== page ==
I have often seen people say this phrase using these different words to convey the same idea of being surprised about something. I have debated with people about the proper word to use in the phrase. Some people say that "I'm so shook" is not the right way to say it because the use of "shook" is grammatically incorrect. However, some people say that it's not incorrect but just an informal phrase and that it's only wrong according to the conventions of Standard English. What I'm most curious about is how these three words came to be used in the same phrase? Did these three words descend from one word or idea which is why people use these words interchangeably or did these words descend from different words but are spelled so similarly that people became confused about the differences between these words?

2 Answers 2


If you want to speak standard English then "I'm shook" is wrong - it should be "I'm shaken". "Shook" is the past tense, so "you shook me" is correct. "Shocked" is the past tense and past participle of "shock", and it is not related to "shake".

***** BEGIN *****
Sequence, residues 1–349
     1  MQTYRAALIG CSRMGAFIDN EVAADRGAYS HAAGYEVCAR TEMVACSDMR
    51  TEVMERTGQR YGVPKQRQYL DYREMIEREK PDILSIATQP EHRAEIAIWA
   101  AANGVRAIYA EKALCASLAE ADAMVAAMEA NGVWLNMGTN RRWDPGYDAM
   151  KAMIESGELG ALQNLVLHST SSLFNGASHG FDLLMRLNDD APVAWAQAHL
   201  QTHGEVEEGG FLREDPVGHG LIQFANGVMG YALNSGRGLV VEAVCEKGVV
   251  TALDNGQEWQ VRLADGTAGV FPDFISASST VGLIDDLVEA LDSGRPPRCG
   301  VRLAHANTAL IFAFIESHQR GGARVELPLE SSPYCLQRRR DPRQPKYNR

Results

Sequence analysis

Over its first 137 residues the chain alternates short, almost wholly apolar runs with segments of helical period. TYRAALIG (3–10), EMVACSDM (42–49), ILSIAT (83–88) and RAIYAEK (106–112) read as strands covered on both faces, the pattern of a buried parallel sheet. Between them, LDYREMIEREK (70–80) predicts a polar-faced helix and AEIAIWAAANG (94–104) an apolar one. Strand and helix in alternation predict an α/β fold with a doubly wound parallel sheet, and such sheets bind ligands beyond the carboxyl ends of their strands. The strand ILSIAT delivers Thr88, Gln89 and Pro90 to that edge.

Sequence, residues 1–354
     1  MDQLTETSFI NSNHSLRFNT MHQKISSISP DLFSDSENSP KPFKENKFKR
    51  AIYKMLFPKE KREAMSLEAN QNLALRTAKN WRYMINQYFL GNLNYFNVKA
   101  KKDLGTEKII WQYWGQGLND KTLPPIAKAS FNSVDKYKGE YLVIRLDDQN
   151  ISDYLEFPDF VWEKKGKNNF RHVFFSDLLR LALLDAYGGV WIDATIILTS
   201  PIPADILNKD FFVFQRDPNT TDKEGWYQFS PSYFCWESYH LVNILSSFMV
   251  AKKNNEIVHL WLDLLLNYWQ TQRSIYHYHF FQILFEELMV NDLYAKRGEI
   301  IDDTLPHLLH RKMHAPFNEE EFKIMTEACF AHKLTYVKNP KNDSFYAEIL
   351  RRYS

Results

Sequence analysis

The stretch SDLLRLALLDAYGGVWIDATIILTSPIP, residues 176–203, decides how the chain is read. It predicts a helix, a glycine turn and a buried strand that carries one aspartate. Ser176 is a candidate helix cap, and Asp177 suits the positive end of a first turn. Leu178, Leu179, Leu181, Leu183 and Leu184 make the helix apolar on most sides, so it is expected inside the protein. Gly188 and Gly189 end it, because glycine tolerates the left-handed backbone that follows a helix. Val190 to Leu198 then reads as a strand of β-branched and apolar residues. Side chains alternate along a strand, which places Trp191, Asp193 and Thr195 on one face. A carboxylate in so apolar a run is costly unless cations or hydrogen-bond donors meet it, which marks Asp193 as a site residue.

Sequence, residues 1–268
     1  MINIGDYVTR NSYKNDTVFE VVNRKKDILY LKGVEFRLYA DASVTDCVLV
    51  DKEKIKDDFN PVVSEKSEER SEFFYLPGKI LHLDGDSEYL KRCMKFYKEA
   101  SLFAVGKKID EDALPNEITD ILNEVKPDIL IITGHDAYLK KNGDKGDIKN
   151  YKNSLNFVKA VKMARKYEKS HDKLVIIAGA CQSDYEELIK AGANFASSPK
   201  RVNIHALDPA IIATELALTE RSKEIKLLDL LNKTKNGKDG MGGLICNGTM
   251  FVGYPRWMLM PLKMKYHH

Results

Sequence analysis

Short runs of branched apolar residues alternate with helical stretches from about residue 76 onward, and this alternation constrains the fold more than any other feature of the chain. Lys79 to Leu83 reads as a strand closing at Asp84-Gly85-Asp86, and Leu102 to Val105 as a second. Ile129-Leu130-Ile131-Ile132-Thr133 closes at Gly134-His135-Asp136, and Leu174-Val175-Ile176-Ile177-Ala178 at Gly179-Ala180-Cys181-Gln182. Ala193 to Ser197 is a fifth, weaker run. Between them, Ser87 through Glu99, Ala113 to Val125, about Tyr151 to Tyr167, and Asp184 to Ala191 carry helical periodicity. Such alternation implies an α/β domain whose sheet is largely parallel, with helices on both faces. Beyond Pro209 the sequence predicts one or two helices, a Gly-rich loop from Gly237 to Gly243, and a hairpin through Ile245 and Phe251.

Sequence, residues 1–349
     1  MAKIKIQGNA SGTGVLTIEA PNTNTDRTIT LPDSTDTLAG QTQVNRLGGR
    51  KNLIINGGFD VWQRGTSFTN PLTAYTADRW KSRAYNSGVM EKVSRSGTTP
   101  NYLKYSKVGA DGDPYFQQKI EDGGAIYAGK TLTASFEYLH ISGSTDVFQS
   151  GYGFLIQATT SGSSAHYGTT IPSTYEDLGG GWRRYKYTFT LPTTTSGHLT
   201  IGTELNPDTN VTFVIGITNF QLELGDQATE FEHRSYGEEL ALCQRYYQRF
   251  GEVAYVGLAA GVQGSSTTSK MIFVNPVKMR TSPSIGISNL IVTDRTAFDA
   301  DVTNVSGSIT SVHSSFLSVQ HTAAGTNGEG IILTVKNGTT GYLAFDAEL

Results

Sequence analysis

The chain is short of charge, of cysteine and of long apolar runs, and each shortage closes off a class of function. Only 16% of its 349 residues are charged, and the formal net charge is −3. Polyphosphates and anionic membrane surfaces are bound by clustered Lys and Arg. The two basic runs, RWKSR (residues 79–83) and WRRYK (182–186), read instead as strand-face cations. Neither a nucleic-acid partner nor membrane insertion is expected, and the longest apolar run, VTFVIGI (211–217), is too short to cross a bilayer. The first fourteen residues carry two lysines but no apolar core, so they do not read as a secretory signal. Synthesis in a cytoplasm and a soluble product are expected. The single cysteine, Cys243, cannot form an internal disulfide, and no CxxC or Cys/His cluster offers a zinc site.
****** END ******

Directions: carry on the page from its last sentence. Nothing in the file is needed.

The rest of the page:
For etymology you could see https://www.etymonline.com/word/shake and https://www.etymonline.com/word/shock

Being shaken in the sense you mean (emotionally stirred) can be the result of a shock (mental or physical), but also the result of other things.


“shocked” and “shaken” are both adjectives here, which look like the -ed forms of their respective verbs, “to shock” and “to shake”. They have similar meanings and are often interchangeable.

“shook” is the past simple form of “to shake”, not an adjective, and “to be shook” is not a valid verb form. However, weird things happen with irregular verbs like this, so it’s a common mistake.

  • 2
    All shook up is an established expression, the incorrect verb form being used either in ignorance or deliberately for humorous effect. Oct 11, 2020 at 8:36
  • @KateBunting Intentionally wrong is still wrong.
    – StephenS
    Oct 11, 2020 at 14:18

You must log in to answer this question.

Not the answer you're looking for? Browse other questions tagged .